The power of books
The power of books

The power of books

Readathon week is taking place from 21 to 25 September 2020.
Mariselle Stofberg
The Readathon is a week-long program of reading activities, organised by the Ministry of Education, Arts and Culture, through the Directorate Namibia Library and Archives Service.
This occasion is celebrated on the last week of September each year, from Monday to Thursday, during which time a variety of book and reading-related activities are organised by schools. The last Friday of Readathon week is set aside for all schools to celebrate the activities done throughout the week.
“The main purpose of the Readathon is to foster the love for reading amongst the learners in an effort to nurture a reading culture in the country. In addition, the event is meant to create awareness on the importance of literacy and inspire learners to read, not only for comprehension but for enjoyment too. During the Readathon week, the learners are encouraged to read whatever they like, including comics, non-fiction, poetry, electronic books, or just listen to stories, including audiobooks. Programs of this nature are crucial to children, specifically to those in lower grades, as they can effectively tackle reading difficulties at an early stage,” said Esther Tobias, the chief librarian at the Education Library Service of the ministry of education, arts and culture.
“The Readathon does not only promote a reading culture, it also seeks to create awareness on different type of issues concerning our communities, country and the world at large,” Tobias says.
It is for this reason that this year’s Readathon will be celebrated under the theme “Read Namibia: know your Sustainable Development Goals (SDGs) and make the world a better place for everyone”.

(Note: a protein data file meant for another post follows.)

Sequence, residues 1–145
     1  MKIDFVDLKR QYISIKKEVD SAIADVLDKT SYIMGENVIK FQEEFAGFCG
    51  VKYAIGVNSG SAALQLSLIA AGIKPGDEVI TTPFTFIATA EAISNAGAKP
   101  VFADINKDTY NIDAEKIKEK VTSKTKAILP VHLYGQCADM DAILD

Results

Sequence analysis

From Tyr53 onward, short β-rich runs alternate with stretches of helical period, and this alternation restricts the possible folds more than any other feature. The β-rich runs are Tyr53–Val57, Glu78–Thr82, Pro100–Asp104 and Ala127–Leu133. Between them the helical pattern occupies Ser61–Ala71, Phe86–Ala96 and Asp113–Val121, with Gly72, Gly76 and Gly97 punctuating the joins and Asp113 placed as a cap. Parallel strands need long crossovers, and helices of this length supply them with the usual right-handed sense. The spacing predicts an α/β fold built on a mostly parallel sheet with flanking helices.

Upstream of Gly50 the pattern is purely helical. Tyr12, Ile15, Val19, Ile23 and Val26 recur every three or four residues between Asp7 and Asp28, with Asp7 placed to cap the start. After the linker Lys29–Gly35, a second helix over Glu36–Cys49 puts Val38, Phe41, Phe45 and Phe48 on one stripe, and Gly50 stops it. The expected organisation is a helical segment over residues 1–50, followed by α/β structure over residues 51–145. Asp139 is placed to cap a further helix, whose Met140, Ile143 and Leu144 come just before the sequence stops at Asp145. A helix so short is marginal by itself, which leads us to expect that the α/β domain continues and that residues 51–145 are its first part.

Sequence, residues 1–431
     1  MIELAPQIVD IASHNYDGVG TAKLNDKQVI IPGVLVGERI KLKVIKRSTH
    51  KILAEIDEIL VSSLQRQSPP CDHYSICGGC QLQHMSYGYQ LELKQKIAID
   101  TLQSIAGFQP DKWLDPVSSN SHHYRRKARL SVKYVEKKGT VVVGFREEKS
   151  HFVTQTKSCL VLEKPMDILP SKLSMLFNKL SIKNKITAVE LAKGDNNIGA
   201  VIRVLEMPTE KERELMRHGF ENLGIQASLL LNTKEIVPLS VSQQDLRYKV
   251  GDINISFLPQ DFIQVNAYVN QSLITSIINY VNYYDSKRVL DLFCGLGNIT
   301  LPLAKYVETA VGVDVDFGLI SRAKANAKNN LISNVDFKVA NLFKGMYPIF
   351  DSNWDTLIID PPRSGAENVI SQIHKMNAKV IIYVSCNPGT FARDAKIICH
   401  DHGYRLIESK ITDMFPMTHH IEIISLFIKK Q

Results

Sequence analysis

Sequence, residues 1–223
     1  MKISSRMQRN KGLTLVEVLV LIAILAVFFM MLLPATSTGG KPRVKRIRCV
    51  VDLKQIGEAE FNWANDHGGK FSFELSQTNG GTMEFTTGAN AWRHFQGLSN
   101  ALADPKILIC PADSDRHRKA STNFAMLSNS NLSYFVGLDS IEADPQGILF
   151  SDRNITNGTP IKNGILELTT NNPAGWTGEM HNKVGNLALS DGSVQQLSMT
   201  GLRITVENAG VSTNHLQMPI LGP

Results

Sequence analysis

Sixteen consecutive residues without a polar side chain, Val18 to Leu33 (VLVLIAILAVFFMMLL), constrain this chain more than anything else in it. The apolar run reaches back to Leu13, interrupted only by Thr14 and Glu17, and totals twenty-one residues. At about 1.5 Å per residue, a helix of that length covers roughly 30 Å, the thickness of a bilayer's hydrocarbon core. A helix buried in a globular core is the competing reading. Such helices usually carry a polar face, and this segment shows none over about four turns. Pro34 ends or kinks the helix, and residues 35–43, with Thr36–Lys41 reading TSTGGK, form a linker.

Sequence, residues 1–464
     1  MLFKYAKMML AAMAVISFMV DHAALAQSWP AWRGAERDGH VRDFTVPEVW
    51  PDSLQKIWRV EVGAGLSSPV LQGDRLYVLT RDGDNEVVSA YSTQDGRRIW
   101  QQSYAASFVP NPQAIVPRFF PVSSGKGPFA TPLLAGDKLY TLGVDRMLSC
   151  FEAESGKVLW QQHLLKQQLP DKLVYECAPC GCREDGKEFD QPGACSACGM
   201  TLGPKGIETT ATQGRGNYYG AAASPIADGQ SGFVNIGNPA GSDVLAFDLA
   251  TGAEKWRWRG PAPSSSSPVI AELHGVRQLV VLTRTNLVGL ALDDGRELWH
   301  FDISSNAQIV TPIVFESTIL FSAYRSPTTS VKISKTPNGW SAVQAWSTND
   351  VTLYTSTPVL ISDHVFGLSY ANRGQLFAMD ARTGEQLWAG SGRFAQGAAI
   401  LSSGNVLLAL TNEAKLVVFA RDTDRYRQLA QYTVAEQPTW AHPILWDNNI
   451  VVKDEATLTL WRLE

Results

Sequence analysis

This theme has been selected in order to raise the level of awareness on the sustainable development goals within all school learners. “Learning about these goals will help them to develop insights into issues around the world, such as good health, economic growth, climate change, access to clean water and gender equality. Learners can be a powerful force in creating positive change in local communities and achieving the SDGs by 2030,” Tobias adds.
This year the Readathon will be celebrated differently than usual due to the Covid-19 pandemic. However, the ministry of education, arts and culture is encouraging the parents, elder siblings, schools and librarians to observe the Readathon week by ensuring that children are engaged in reading throughout the week, either at home, schools or at the libraries.
“It is particularly important that stakeholders simplify and ensure that children read and understand the Covid-19 regulations and preventive measures, as highlighted in various documents from the World Health Organisation (WHO) and our ministry of health and social services. This will help our country to combat the further spread of Covid-19, particularly among children,” she adds.
The ministry is aware that access to physical books can be challenging during this time, as library activities are currently being offered at a limited scale, however, provision is made for all Namibia children from the age of 3 to 12 to have access to electronic books available through the Namibia Reads-app, available for both Android phones and iPhones at the following link:
“Let us all be part of this significant reading event, elder siblings can read to younger siblings, parents and grandparents can read to their children, children can also read to adults,” Tobias concludes.


Namibian Sun 2022-11-27

No comments have been left on this article

Please login to leave a comment